The proposed regulations, available today for public inspection at www.federalregister.gov, provide guidance to state programs, designated beneficiaries and other interested parties on a number of issues. For example, the proposed regulations explain the flexibility the programs have in ensuring an individual’s eligibility for an ABLE account. They also indicate that the IRS will develop two new forms that ABLE account programs will use to report relevant account information annually to designated beneficiaries and the IRS — Form 1099-QA for distributions and Form 5498-QA for contributions.

Until the issuance of final regulations, taxpayers and qualified ABLE programs may rely on these proposed regulations.

The IRS welcomes comments. Comments must be received by Sept. 21, 2015, and may be submitted electronically, by mail, or hand delivered to the IRS. A public hearing is scheduled for Oct. 14, 2015, at the IRS Auditorium, 1111 Constitution Ave. NW, in Washington. See the proposed regulations for details on submitting comments or participating in the public hearing. More information can be found at Tax Benefit for Disability: IRC Section 529A.

Asset Protection Trusts

An article recently published by WealthCounsel addresses the use of Asset Protection Trusts.  Technically, they discuss self-settled trusts, in which your assets are used to fund the trust and you retain a beneficial interest.  We can’t do that in North Carolina exactly that way, so we use a version that irrevocably transfers those assets out of your name and interest and the trust makes your family and children the beneficiaries.

Both strategies are important estate planning tools.  In our experience, the irrevocable asset protection trust​ is an essential part of estate planning even if you are not worried about VA benefits or Medicaid… there is still a place for planning wealth transfer to your heirs in a controlled, predictable, and protected manner.

If you’d like more information, check out this article.  And, give us a call to discuss your estate planning needs.  You will find us to be caring compassionate attorneys, passionate about Estate Planning and Elder Law, and focused​ on VA benefits and Special Needs Trusts.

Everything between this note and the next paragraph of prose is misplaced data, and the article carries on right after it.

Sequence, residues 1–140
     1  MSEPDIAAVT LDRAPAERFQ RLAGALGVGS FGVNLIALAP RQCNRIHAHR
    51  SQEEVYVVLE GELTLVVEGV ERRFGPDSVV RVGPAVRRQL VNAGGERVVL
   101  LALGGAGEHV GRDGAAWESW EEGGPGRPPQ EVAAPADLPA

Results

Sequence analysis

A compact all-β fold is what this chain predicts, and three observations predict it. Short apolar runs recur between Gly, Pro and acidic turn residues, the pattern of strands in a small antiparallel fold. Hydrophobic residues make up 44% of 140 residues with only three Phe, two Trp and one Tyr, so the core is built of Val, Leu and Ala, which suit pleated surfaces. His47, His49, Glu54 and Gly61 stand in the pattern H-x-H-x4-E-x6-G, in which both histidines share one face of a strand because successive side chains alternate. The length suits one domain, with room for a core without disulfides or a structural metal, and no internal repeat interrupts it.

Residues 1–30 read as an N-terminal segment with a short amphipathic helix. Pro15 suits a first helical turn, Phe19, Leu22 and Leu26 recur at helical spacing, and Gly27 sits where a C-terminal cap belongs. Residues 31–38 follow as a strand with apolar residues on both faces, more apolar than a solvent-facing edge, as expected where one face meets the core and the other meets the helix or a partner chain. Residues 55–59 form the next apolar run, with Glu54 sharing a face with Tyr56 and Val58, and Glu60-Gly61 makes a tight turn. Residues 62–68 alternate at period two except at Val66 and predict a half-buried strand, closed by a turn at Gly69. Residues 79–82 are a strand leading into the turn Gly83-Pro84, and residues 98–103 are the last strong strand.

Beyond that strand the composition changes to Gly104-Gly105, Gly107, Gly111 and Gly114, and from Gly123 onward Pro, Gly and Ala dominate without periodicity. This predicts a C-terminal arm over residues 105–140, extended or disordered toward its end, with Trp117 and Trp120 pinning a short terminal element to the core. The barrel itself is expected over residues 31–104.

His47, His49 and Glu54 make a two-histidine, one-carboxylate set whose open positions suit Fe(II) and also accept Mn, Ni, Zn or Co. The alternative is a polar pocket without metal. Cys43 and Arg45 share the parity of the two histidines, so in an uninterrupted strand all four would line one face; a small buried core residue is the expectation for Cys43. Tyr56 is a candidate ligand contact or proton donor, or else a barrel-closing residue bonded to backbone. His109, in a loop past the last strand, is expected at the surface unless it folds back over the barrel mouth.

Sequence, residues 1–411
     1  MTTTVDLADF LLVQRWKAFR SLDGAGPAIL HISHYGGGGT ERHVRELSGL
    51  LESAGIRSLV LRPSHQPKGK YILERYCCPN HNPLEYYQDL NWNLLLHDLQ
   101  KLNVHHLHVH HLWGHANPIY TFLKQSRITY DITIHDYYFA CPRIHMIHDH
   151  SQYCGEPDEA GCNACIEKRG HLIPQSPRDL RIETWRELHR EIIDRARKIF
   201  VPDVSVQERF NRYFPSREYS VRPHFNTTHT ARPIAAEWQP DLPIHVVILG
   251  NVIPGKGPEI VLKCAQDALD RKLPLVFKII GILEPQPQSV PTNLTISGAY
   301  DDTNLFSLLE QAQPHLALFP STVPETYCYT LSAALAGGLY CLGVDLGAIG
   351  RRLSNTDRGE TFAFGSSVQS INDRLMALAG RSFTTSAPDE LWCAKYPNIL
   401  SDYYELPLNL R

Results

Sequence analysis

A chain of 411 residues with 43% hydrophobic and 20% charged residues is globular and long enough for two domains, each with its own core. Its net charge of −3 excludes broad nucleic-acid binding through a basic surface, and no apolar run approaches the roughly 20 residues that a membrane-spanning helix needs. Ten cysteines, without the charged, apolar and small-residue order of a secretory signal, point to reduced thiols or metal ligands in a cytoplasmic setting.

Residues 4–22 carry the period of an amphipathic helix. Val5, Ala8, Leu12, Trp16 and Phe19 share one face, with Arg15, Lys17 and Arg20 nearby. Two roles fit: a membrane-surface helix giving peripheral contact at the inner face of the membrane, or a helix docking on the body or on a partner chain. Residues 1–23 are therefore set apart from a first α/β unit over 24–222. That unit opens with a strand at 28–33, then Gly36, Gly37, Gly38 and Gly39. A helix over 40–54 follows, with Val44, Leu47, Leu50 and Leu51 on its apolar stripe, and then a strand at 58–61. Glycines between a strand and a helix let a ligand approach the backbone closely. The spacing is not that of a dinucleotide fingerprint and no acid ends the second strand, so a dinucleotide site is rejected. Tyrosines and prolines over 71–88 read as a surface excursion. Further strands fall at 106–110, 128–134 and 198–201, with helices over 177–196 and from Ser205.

Gray Divorce – a new trend?

An interesting, and some say alarming, trend among the aging population is divorce.​  The term coined for it is “Gray Divorce.”  It describes divorce after many years of marriage, and the statistics are quite surprising.  According to Susan L. Brown and I-Fen Lin, sociologists at Bowling Green State University in an article by the Washington Post, more than half of divorces are to people over age 50 and one in ten are over age 65.

This presents interesting long term implications for health care because people without established social patterns often are less healthy.  And, divorced couples are also often less wealthy.  The article asks, “As they age and experience health declines, who’s going to take care of them? Especially if they’re not able to afford the level of care that others with more economic resources have?”​

The reasons for this trend are not clear and it isn’t ​​limited to the USA.  Whether it is simply a facet of the Baby Boomers​ will remain to be seen over the next generations.​  Brown also posits that it might be longevity related saying “…divorce can be the collateral damage from increased life spans.”

Gerontologist Karl Pillemer, author of “30 Lessons for Loving: Advice From the Wisest Americans on Love, Relationships and Marriage,”  surveyed more than 700 women and men age 65 and older. He finds that a willingness to share new interests in midlife and beyond is critical.  And, he argues in a WSJ article (here)​ that embracing your spouses interests could make a difference.

One thing is for certain … unless there is a change in how we relate to one another as we age, the trend will be with us for a while, and it will cause changes to health care, estate planning, the legal system, taxes, and spirituality.

Home for Thanksiving? Observe your elders for signs of aging